Buddhism for Mothers: A Calm Approach to Caring for Yourself and Your Children

by Sarah Napthali

Paperback, 2010




Allen & Unwin (2010), 240 pages


Includes Bonus Meditation CD. Firmly grounded in the day-to-day reality of being a mother, Buddhism for Mothers discusses Buddhist teachings as applied to the everyday challenges of bringing up children. Parenthood can be a time of great inner turmoil for a woman yet parenting books invariably focus on nurturing children rather than the mothers who struggle to raise them. This book is different. It is a book for mothers. Buddhism for Mothers explores the potential to be with your children in the all-important present moment; to gain the most joy out of being with them. How can this be done calmly and with a minimum of anger, worry and negative thinking? How can mothers negotiate the changed conditions of their relationships with partners, family and even with friends? Using Buddhist practices, Sarah Napthali offers ways of coping with the day-to-day challenges of motherhood. Ways that also allow space for the deeper reflections about who we are and what makes us happy. By acknowledging the sorrows as well as the joys of mothering Buddhism for Mothers can help you shift your perspective so that your mind actually helps you through your day rather than dragging you down. This is Buddhism at its most accessible, applied to the daily realities of ordinary parents.… (more)


(48 ratings; 4.2)

User reviews

LibraryThing member Brandie
I really enjoyed reading this book. Napthali wrote a lot of being peaceful and calm, and the book felt peaceful and calm. The preface spoke to me in so many levels and when I read that I knew I had to read the whole book!

That said, I don't plan on becoming Buddhist (which I have to say in case some
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relatives read this and start to panic and call me to talk to me about it LOL!) But, there are some great ideas in there that are too good to borrow.

I think Napthali is a gifted writer and I love how she sprinkled her own personal stories in about when she was less than patient or peaceful or calm. It sort of takes the pressure off of the reader. I don't have to worry about being perfect, I only have to worry about doing better is really what I felt a huge message of the book was.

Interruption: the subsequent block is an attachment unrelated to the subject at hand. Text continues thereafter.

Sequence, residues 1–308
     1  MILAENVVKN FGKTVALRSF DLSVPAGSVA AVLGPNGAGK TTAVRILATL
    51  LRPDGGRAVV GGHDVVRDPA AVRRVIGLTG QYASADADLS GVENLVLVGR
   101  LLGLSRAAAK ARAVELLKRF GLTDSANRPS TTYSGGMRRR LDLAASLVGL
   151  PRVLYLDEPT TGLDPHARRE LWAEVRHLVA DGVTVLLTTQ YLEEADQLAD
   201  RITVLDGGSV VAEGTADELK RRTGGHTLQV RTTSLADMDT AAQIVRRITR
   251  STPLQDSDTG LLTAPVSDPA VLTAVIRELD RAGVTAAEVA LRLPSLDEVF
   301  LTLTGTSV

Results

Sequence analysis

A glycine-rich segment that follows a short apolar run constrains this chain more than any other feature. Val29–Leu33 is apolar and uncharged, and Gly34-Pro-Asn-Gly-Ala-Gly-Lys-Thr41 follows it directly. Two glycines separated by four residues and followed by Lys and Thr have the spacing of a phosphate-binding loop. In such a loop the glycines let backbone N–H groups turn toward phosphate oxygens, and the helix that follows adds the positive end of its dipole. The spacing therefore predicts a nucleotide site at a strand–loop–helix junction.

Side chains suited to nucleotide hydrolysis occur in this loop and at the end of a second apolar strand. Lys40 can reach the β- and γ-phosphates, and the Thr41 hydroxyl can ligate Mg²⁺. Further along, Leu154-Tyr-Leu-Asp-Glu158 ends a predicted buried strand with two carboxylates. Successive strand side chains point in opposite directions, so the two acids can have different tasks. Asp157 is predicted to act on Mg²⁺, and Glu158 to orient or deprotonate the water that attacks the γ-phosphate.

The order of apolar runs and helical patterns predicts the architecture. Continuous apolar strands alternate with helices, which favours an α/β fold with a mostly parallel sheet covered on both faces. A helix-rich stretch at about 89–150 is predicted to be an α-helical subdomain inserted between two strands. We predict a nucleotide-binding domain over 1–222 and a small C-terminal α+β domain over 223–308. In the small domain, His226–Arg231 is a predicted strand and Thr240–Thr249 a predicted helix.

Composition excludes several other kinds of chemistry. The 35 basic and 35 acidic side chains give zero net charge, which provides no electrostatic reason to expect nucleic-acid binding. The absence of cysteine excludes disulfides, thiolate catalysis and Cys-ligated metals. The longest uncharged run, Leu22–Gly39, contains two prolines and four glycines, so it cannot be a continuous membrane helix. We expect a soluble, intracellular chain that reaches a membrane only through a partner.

I loved some of the analogies she uses in here - when she compares emotions to visitors who are coming over. I've already repeated that a few times - it's such a great, understandable way to get the point across to not be afraid of our emotions.

I loved the section on meditation - something I've wanted to do but still haven't.

Although at the end, it was also clear her intent was to speak to Buddhist mothers or to try to convert some of us to become Buddhist mothers. As I said, I have no intention of doing that. She talks about how you can meditate outside of Buddhism, but she makes it sound like doing that would automatically mean you weren't a part of a loving community out to care for others and be kind and wonderful and loving. I feel I already have that sort of community around me - that it doens't just exist in Buddhist communities.

But overall, I really thought this was a great book and I'm glad I read it!
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LibraryThing member Liciasings
I found this an interesting, useful, and uplifting book. Though I am not a Buddhist and have no intention of ever calling myself one, I found it interesting to read about practices, words and ways of thinking which can match up beautifully with my own faith, and support my own spiritual journey. I
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skimmed through some sections, and found much of it somewhat repetetive, but there are many bits of helpful and encouraging wisdom I'll be taking away from this book. It also seems to be a relevant way for a mother of young children to learn something about the basics of Buddism.
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LibraryThing member pussreboots
I enjoyed the book. There were times when I found the author making too many assumptions on how a mother's life is. Not all mothers chose to stay home with the kids. I also found the numerous quotations from other mothers distracting so I have to admit to skipping most of them. Nonetheless I
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enjoyed the book and came away with some interesting ideas. I happened to read this book at the same time as In Praise of Slowness and I find that the two books work well together as companion pieces.
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LibraryThing member spiritedstardust
This really helped me on my current journey of trying to remain in the present moment.


Original language


Physical description

240 p.; 8.5 inches


1742377017 / 9781742377018
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